A good cast iron pan can be a reliable, go-to tool in your kitchen, one that can last for decades if you treat it right. While the stories you may have heard about the fussiness of cast iron is overblown, there are precautions you should take if you want it in top shape. Generally, there are three ways to care for these pans that help them last for as long as you need them.
Seasoning Cast Iron
First up is seasoning your pan. Unlike seasoning a steak, you won’t be using any actual spices! No, seasoning is a method of rubbing oil onto the cast iron and then heating it to bake the oil into the metal. This creates a protective layer on the metal to help guard against rust and make it non-stick. Today, you can find cast iron that has been pre-seasoned, meaning you can sometimes skip this step initially. You may eventually need to reseason your cast iron should the seasoning wear off.
Whatever your reasoning, the seasoning is pretty easy to do. Many cast iron pans come with instructions, but if they don’t, you can follow these simple steps for seasoning in the oven or on the stovetop.
Seasoning Cast Iron Cookware in the Oven
- Preheat the oven to 500°F.
- With a cloth or paper towel, spread two teaspoons to a tablespoon of neutral oil (like vegetable oil or canola oil) evenly along the surface of the pan.
- With a fresh towel, wipe off any excess oil that puddles. You want a smooth oil surface.
- Bake the pan in the oven for an hour before removing carefully. It may help to place the pan in the oven upside down. This can prevent the oil from pooling as any excess oil will drip off. That said, if you thoroughly wiped down your pan, you should be okay.
- Allow to cool fully before storing.
Seasoning Cast Iron Cookware on the Stovetop
- Heat the pan on medium-high heat.
- Add a tablespoon to two teaspoons of neutral oil to the pan.
- Holding a paper towel with a pair of tongs, spread the oil until it’s evenly coated, there is no more residue, and the oil begins to smoke slightly.
- Remove the pan from the heat and allow it to cool for a minute or two.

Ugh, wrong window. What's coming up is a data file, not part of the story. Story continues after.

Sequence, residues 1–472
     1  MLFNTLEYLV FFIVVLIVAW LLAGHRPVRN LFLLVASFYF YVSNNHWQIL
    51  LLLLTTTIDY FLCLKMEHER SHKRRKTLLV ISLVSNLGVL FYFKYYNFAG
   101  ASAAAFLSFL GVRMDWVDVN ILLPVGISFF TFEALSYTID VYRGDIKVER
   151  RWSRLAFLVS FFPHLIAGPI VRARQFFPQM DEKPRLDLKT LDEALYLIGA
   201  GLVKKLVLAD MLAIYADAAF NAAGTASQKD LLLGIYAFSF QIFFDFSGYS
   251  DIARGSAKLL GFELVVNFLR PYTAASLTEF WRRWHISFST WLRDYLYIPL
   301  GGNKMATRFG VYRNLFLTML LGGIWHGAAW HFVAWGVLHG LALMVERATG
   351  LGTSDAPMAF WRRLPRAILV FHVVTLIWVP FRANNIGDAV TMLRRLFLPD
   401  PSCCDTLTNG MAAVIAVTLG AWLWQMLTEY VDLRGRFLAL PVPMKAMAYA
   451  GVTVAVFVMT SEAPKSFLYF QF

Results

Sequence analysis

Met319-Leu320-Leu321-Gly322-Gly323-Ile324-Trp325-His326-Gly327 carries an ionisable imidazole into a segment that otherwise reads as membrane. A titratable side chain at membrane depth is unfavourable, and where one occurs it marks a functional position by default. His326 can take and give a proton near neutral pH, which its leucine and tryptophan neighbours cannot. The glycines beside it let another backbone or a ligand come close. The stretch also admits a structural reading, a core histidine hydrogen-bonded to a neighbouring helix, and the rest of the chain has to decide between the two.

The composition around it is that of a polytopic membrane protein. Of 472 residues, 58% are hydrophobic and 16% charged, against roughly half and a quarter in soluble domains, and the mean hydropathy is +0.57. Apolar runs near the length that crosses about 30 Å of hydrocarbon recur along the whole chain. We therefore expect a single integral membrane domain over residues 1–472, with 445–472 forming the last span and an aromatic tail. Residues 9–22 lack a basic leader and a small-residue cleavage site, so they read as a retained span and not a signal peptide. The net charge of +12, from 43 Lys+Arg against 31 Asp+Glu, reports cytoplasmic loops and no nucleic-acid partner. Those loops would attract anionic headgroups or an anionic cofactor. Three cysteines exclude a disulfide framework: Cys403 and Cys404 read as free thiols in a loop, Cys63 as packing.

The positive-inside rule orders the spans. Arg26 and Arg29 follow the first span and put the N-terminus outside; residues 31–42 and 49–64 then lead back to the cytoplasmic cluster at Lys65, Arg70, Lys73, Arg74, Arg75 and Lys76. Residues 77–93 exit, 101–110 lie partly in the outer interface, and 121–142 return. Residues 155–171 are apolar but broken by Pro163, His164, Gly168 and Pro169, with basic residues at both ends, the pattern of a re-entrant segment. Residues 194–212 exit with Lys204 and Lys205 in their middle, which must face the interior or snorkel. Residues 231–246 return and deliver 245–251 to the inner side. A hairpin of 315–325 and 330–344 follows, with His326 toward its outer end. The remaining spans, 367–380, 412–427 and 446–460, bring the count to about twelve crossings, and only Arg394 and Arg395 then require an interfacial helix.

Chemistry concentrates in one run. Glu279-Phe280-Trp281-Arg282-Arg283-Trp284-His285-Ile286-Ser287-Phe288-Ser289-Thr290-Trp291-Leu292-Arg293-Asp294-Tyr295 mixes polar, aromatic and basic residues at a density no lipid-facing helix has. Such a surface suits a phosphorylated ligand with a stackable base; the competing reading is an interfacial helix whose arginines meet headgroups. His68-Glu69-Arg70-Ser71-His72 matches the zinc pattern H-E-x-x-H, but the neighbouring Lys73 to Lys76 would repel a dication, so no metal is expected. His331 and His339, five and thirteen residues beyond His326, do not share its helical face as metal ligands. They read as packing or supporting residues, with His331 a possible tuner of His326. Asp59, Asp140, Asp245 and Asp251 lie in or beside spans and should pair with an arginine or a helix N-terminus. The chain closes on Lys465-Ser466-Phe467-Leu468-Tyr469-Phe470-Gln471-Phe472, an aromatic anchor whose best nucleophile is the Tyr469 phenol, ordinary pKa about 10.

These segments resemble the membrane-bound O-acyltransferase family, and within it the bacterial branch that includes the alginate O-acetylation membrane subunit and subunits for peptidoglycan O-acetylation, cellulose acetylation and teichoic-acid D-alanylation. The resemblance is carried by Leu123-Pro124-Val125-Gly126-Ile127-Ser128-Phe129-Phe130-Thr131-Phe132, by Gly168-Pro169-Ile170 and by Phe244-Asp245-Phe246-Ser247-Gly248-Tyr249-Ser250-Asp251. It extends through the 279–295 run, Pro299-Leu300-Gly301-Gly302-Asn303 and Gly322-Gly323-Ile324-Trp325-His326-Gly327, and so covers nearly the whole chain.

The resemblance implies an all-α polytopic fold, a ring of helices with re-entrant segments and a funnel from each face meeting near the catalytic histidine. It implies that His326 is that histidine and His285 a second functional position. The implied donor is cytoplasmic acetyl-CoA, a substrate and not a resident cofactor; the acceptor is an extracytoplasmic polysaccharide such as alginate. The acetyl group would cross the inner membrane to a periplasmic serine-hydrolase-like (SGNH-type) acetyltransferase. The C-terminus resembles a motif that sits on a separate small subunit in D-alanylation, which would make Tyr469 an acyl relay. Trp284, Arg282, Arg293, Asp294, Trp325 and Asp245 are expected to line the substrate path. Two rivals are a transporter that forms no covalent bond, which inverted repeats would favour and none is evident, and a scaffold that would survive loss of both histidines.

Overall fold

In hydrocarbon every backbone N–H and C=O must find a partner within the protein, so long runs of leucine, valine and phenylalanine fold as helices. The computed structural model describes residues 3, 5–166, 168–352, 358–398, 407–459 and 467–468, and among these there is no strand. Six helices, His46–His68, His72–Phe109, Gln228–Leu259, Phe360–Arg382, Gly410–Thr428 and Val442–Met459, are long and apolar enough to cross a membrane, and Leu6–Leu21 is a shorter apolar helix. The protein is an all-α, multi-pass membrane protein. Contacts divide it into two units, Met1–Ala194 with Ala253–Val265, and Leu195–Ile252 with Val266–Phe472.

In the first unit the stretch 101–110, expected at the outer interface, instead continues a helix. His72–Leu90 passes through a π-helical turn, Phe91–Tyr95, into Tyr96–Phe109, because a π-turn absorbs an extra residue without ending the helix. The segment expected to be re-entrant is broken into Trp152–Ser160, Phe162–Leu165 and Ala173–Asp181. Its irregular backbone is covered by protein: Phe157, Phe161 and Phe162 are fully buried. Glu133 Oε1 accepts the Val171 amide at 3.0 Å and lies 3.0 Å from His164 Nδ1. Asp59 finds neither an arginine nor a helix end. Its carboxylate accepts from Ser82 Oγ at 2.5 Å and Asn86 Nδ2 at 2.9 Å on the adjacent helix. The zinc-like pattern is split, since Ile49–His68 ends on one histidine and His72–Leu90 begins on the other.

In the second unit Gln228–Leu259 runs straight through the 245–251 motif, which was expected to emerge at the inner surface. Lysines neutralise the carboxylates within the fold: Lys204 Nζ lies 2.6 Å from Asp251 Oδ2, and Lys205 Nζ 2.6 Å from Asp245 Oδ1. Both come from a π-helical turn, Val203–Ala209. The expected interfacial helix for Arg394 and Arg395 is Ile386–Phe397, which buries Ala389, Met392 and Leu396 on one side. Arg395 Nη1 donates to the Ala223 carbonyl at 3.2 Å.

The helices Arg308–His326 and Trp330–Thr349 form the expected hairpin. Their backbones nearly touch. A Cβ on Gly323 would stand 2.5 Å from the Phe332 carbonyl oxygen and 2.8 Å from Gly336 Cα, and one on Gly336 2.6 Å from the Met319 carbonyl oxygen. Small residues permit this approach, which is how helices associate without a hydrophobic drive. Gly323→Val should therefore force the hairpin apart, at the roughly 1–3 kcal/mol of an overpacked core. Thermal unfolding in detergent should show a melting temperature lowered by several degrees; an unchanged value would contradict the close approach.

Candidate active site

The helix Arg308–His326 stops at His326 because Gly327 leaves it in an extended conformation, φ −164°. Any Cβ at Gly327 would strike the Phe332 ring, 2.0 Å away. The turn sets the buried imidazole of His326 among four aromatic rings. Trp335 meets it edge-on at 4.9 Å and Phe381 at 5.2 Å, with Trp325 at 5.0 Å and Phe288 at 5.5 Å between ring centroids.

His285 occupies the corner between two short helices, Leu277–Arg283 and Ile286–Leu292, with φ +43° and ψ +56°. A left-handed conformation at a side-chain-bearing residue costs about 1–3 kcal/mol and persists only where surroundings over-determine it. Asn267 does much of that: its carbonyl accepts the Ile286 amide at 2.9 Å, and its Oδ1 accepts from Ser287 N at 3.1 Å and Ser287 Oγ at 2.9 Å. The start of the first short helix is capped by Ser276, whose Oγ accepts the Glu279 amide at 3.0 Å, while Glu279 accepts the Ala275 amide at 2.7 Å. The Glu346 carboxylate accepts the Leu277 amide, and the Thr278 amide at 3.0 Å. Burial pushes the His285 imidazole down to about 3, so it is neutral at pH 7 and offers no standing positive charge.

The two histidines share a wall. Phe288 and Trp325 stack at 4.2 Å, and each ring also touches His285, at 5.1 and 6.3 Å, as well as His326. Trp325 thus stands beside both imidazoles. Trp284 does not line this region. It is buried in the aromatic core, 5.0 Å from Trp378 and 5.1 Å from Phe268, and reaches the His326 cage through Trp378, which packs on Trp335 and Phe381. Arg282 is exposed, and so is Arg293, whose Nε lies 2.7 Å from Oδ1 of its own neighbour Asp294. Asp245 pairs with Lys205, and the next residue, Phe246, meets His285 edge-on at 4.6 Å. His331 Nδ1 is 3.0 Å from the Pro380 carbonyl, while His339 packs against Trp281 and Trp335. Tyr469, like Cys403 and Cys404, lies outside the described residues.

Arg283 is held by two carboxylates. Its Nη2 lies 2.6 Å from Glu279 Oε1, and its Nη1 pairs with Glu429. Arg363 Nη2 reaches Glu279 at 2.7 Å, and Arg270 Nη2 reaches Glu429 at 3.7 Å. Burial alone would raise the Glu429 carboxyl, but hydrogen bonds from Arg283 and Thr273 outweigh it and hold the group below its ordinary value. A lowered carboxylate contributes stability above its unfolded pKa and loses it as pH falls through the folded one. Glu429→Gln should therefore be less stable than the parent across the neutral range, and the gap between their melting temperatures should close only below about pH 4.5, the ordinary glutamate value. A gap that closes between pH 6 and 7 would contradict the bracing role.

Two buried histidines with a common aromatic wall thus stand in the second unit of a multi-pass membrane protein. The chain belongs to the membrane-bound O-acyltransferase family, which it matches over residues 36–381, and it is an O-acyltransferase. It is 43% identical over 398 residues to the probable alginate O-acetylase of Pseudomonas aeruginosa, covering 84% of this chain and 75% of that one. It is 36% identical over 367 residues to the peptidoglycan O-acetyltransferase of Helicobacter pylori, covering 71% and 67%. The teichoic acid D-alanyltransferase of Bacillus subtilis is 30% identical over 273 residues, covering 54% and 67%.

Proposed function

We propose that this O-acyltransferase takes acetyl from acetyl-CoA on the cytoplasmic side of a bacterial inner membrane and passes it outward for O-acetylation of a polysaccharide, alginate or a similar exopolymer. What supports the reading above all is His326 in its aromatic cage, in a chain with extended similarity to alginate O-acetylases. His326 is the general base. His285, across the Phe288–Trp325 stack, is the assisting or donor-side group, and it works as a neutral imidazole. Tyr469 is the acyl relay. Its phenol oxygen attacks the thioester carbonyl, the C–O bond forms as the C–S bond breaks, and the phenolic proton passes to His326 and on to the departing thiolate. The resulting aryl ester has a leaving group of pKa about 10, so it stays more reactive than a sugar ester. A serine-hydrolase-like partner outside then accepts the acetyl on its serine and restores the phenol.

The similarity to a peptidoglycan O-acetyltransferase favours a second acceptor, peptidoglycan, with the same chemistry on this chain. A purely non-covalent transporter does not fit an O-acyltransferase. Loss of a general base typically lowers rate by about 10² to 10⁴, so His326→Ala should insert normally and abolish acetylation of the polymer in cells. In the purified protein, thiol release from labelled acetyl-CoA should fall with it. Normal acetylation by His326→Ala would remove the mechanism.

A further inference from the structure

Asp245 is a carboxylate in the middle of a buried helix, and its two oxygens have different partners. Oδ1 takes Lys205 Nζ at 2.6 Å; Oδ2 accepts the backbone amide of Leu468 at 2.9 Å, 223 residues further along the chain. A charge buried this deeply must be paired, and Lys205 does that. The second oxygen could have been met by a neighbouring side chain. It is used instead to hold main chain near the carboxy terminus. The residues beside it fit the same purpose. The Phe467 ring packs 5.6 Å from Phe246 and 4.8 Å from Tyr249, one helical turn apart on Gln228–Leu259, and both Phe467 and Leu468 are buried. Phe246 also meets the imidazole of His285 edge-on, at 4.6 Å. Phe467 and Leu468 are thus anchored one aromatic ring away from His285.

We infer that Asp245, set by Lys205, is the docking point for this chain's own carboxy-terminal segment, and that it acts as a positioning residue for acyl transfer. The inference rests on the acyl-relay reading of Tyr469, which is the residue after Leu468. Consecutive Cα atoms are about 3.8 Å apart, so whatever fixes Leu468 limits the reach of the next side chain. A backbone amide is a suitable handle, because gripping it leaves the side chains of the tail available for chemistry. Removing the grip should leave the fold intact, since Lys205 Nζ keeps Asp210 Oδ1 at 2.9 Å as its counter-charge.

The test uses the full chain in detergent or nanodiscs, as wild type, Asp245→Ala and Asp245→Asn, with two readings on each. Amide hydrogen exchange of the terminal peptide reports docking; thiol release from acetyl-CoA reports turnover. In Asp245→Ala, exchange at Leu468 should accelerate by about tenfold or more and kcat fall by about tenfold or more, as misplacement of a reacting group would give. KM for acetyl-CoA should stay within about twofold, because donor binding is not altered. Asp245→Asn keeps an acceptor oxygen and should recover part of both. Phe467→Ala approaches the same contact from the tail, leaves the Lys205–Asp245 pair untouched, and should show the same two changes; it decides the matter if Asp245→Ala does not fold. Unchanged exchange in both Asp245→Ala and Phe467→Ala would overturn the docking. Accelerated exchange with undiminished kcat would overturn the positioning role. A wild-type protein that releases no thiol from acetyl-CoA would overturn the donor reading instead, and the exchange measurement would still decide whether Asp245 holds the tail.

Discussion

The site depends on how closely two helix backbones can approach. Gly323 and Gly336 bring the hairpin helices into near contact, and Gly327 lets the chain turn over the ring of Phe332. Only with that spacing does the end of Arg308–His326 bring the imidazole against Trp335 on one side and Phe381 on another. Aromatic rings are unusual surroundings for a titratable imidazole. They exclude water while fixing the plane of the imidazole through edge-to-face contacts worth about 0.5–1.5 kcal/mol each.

- Return the pan to the heat and repeat step three with new oil.
- Do this three to five times total before allowing the pan to cool fully and storing.
Cleaning Cast Iron After Cooking
Of course, once you use the cast iron, you’ll need to clean it. Decades ago, you needed to be careful with how you cleaned your cast iron, when soaps often had harsh ingredients like lye or vinegar that could strip the protective seasoning layer. This meant cleaning the cast iron skillet involved hot water and scrubbing until any food residue was off. If you scrubbed too hard, used too abrasive of a scrub (like steel wool), or accidentally ruined the seasoning, you could just finish cleaning the pan and repeat the seasoning steps above.
Now, that was the older method of cleaning cast iron. It’s still a viable option, especially if you’re cautious about breaking your seasoning. But some people may be uncomfortable not using soap or have stubborn bits of food that just won’t come off. You’re in luck. These days, you can add a bit of soap to help clean the pan without ruining your seasoning. This can help you remove burnt bits and avoid some squeamishness about not using soap. If you want to avoid using soap, but still need a little extra cleaning power, pour a light covering of water in your pan and bring it to a boil on the stove. Dump the water and allow the pan to cool before scrubbing again. This method helps loosen stuck-on food.
Once you’ve washed the cast iron, you’ll want to dry it immediately. You don’t want to let your pan airdry since that could allow for rusting, a problem for cast iron that can be a real pain to fix.
Storing your cast iron properly is important to ensuring it’ll be around for a long time. Improperly storing cast iron pans can lead to rust, breakage, or losing your seasoning.
First, you’ll want to place a drop of neutral oil and spread it evenly across the surface with a clean cloth or paper towel, similar to when you were seasoning the pan. This creates an extra layer of protection from rust and damage to your pan and seasoning. Over time, it can also add to your seasoning, creating a non-stick layer. Second, you’ll want to cover the pan with a cloth or paper towel. This can keep dust or moisture off the surface, offering a layer of protection should anything fall on to the pan. And third, store your pan in a safe space! Don’t stack your pans, since the metal could very easily scratch the seasoning. If you do need to stack to save on space, we suggest using both a paper towel and pan protector to limit the amount of contact between them.
● ● ●
Cast iron is a useful, affordable, and long-lasting material and much of our go-to cookware is made from it. Unlike some other materials, cast iron pans do require a bit of commitment and care. If you put in that little extra work, though, you’ll find that they’re a reliable tool in the kitchen and that more than makes up for the little bit of extra time spent caring for them.